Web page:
Let us ask ourselves questions like these: Are we, like the Puritans, thirsting to glorify the triune God? Are we motivated by biblical truth and biblical fire? Do we share the Puritan view of the vital necessity of conversion and of being clothed with the righteousness of Christ? It is not enough to just read the Puritans. A stirring interest in the Puritans is not the same thing as a revival of Puritanism. We need the inward disposition of the Puritans—the authentic, biblical, intelligent piety they showed in our hearts, lives, and churches.

Will you live godly in Christ Jesus like the Puritans? Will you go beyond studying their theology, discussing their ideas, recalling their achievements, and berating their failures? Will you practice the degree of obedience to God’s Word for which they strove? Will you serve God as they served Him? Will you live with one eye on eternity as they did? (971)

If that inquiry was not challenging enough, immediately following is the section entitled “Afterword” with Chapter 60 entitled “A Final Word.” Describing the difficult conditions the Puritans had to live through, the final word “is really a reflection upon the various strengths of Puritan theologians that should characterize today’s theologians and ministers in the church” (977). And so the Puritans are described as committed to the great truths as preachers, pastors, and theologians; well-educated men who had a deep knowledge of the Scriptures; and men motivated “to reform the church in the direction of true godliness and practical righteousness” (975–76). This emphasis is consistent with the full title of the book, A Puritan Theology: Doctrine for Life.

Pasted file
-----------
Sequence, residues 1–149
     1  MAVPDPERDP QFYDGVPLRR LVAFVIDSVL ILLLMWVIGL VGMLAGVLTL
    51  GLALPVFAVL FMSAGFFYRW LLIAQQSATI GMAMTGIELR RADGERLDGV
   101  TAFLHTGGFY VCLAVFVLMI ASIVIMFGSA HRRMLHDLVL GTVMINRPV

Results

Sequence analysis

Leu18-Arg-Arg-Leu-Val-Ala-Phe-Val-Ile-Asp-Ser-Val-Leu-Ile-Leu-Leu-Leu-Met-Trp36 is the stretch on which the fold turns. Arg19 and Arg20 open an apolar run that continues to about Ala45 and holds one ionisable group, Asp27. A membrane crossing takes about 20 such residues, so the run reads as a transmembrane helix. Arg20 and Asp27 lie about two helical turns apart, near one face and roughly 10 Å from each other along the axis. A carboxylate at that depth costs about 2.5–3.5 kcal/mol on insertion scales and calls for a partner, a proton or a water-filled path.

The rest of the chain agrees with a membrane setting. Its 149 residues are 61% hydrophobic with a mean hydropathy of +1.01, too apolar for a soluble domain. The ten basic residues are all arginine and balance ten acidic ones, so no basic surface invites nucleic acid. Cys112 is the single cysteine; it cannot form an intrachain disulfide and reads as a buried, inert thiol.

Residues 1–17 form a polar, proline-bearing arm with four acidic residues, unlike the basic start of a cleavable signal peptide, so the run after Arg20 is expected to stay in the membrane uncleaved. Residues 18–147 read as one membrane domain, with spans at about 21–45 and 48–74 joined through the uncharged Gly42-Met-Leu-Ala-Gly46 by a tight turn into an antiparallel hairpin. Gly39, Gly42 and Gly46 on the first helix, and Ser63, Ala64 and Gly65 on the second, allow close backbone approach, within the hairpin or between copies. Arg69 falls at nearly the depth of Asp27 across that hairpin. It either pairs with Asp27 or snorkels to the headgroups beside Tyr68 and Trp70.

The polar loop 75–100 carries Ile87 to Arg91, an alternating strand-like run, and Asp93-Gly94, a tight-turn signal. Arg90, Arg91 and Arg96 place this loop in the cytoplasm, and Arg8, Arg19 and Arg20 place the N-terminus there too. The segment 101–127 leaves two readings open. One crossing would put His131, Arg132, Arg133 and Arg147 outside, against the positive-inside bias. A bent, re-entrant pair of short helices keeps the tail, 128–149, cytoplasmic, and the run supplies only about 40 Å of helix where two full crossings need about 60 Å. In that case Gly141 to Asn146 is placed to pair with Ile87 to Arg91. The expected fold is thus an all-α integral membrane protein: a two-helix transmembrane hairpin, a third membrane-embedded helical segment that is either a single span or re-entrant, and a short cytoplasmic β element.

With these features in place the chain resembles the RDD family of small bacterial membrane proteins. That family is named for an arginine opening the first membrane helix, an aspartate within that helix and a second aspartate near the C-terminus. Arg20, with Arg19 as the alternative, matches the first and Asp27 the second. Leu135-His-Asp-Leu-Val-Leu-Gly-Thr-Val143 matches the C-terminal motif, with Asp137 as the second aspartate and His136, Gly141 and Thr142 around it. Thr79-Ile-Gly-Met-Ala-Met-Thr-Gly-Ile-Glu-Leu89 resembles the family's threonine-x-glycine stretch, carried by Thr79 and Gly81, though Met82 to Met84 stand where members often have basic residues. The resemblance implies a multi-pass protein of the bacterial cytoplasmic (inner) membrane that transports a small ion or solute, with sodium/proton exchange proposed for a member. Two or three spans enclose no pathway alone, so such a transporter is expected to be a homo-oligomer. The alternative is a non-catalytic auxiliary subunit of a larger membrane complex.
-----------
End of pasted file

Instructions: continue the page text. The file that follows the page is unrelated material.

Clearly, the writers have a burden for the spiritual well-being of the present church. Using the Puritans’ writings (their writings being mostly sermonic material for their sixteenth- and seventeenth- century congregations), and presenting Puritan theology and life as a rule, Beeke and Jones judge the contemporary church as wanting. Furthermore, according to Beeke and Jones, the church’s hope is found in conformity to the Puritan norm. Though sympathetic with their concerns for the church’s faith and life, I would question whether “asking for the old paths” (971, quoting from Jeremiah 6:16, the “old paths” referring to the Puritans) can serve as the remedy for the church’s ills. Are the Puritans and their writings essential to our ministering effectively in the church? I believe they are; we need to study the Puritans’ writings if we would be knowledgeable and effective ministers on behalf of Christ. Historical theology is important. But simply evaluating and applying the Puritans as a rule of faith and life would be counterproductive. By becoming so “Puritan” our ability to communicate and relate to our time, our community, our people will be stunted, provincial, stilted. We must recognize that we no longer live in the sixteenth and seventeenth centuries. Our concerns and burdens, though similar in many ways to the Puritans’ concerns and burdens, are also radically different from theirs.